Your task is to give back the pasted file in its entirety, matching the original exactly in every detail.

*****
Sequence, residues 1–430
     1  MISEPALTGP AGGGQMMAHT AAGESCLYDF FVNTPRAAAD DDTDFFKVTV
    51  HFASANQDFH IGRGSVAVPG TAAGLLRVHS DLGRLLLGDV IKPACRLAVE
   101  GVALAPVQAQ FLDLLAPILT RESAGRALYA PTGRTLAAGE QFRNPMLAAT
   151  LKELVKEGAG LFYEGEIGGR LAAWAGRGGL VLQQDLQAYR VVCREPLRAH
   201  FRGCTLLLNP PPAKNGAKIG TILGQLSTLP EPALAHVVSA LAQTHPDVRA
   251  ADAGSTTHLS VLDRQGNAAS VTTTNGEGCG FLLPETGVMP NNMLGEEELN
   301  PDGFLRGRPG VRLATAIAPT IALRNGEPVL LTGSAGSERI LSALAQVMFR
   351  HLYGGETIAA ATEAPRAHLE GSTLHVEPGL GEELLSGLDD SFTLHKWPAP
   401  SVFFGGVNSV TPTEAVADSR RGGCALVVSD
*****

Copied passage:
Sequence, residues 1–430
     1  MISEPALTGP AGGGQMMAHT AAGESCLYDF FVNTPRAAAD DDTDFFKVTV
    51  HFASANQDFH IGRGSVAVPG TAAGLLRVHS DLGRLLLGDV IKPACRLAVE
   101  GVALAPVQAQ FLDLLAPILT RESAGRALYA PTGRTLAAGE QFRNPMLAAT
   151  LKELVKEGAG LFYEGEIGGR LAAWAGRGGL VLQQDLQAYR VVCREPLRAH
   201  FRGCTLLLNP PPAKNGAKIG TILGQLSTLP EPALAHVVSA LAQTHPDVRA
   251  ADAGSTTHLS VLDRQGNAAS VTTTNGEGCG FLLPETGVMP NNMLGEEELN
   301  PDGFLRGRPG VRLATAIAPT IALRNGEPVL LTGSAGSERI LSALAQVMFR
   351  HLYGGETIAA ATEAPRAHLE GSTLHVEPGL GEELLSGLDD SFTLHKWPAP
   401  SVFFGGVNSV TPTEAVADSR RGGCALVVSD